Source

Is that "80%" figure for real ???????

and this guy is representing the government ??['b]

He must have been talking to Obama before court



posted on Mar, 29 2012 @ 02:51 PM
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Well, if the court decides to strike down the mandate....they will have to strike down the whole thing as the funding for all the other provisions will be gone.

That means parents who have put their kids on their insurance that were already able to up to age 26 will have to immediately drop them. Insurance companies will also be able to deny you again on a pre-existing conditions.

If only the mandate is struck down, it will be essentially impossible to fund the rest without a HUGE HUGE raise to all of our insurance, premiums, deductibles, etc.

IMO...none of these things are going to happen....and the law will stand.

I'd rather have a single payer system myself....Medicare for all....but this is better than nothing.
edit on 29-3-2012 by David9176 because: (no reason given)



posted on Mar, 29 2012 @ 03:03 PM
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Originally posted by David9176
Well, if the court decides to strike down the mandate....they will have to strike down the whole thing as the funding for all the other provisions will be gone.

That means parents who have put their kids on their insurance that were already able to up to age 26 will have to immediately drop them. Insurance companies will also be able to deny you again on a pre-existing conditions.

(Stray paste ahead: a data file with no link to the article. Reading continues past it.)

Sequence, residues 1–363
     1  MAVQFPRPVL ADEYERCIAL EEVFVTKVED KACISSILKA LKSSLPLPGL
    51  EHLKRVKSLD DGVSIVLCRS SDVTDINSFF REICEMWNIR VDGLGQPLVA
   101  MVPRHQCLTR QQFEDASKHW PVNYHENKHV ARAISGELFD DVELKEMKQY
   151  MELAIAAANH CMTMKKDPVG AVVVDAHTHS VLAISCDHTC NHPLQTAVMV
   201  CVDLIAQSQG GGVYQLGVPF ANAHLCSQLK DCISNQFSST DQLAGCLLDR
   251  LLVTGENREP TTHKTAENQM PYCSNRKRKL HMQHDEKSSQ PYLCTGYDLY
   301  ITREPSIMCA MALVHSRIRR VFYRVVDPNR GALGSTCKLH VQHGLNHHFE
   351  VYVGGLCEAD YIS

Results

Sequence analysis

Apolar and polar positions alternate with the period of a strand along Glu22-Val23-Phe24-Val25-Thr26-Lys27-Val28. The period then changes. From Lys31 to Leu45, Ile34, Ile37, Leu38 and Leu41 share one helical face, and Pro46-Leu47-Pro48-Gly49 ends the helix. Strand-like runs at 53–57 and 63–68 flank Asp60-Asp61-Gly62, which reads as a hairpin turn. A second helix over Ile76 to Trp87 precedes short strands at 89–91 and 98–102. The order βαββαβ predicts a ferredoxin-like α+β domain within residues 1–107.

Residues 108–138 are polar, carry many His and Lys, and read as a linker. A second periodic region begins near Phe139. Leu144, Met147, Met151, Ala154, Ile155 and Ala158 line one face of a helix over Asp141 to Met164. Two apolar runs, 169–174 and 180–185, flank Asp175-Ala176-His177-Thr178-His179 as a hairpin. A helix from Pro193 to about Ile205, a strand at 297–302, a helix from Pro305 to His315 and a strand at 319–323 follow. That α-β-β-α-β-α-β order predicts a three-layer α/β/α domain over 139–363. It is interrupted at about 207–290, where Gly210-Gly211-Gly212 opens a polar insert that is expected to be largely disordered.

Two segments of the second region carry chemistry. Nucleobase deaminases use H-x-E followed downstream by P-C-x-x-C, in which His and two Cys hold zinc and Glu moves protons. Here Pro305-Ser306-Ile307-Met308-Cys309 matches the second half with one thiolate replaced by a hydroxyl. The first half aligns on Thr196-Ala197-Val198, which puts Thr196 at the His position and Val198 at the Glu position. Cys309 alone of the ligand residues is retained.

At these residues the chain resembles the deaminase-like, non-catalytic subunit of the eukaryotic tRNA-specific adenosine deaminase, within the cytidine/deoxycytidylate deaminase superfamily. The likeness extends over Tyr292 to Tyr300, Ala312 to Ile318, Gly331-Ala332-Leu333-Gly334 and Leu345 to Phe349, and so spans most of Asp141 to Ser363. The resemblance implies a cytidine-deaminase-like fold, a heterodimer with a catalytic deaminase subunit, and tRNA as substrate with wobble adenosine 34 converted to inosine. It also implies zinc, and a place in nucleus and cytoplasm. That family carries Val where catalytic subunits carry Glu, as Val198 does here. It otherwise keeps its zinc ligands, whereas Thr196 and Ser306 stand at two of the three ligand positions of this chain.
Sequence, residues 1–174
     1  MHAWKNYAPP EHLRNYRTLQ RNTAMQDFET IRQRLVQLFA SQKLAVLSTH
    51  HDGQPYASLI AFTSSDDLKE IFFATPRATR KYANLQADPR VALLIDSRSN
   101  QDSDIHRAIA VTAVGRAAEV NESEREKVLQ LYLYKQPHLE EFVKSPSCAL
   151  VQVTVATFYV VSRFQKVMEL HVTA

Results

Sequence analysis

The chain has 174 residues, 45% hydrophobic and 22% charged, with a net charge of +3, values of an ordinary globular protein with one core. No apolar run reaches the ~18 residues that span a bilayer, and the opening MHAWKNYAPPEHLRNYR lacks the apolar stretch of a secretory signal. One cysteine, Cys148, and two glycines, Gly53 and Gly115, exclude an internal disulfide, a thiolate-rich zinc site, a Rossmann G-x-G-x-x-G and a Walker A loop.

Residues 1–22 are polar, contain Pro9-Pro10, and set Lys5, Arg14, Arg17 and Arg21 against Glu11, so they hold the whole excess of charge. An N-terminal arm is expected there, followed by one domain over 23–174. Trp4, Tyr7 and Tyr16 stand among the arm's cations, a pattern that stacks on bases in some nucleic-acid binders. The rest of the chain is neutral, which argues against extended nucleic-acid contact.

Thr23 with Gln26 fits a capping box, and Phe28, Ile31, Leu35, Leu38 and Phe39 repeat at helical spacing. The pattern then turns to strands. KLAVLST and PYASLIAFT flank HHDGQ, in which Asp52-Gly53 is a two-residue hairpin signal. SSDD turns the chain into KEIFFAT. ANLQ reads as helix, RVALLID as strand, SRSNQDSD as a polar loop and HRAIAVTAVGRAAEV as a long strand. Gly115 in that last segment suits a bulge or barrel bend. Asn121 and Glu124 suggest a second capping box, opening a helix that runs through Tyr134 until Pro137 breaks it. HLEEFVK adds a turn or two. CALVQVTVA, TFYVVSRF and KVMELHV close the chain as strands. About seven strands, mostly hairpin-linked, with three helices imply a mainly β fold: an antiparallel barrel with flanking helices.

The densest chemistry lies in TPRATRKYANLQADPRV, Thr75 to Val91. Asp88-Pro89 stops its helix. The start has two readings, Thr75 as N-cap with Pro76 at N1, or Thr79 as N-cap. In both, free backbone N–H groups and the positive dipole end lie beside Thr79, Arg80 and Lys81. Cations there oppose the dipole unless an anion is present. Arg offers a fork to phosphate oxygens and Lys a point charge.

If only the mandate is struck down, it will be essentially impossible to fund the rest without a HUGE HUGE raise to all of our insurance, premiums, deductibles, etc.

IMO...none of these things are going to happen....and the law will stand.

I'd rather have a single payer system myself....Medicare for all....but this is better than nothing.
edit on 29-3-2012 by David9176 because: (no reason given)


Can there be "emergency" legislation ?

Or "extensions" or "continuations" of "temporary" programs ?


Like this one .....
Pre-Existing Condition Insurance Plan (PCIP)


Is PCIP part of ObamaCare, or is it a separate program ?
Has a similar pre existing program existed before ObamaCare ?

Perhaps all that has already happened will stand ?

Is a "struck down" law similar to a "repealed" law ??
(as far as what can or can not be "undone")



posted on Mar, 29 2012 @ 03:05 PM
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Originally posted by Xcathdra
reply to post by antonia
 

That is a huge difference between the Obama plan and the other plans suggested by others.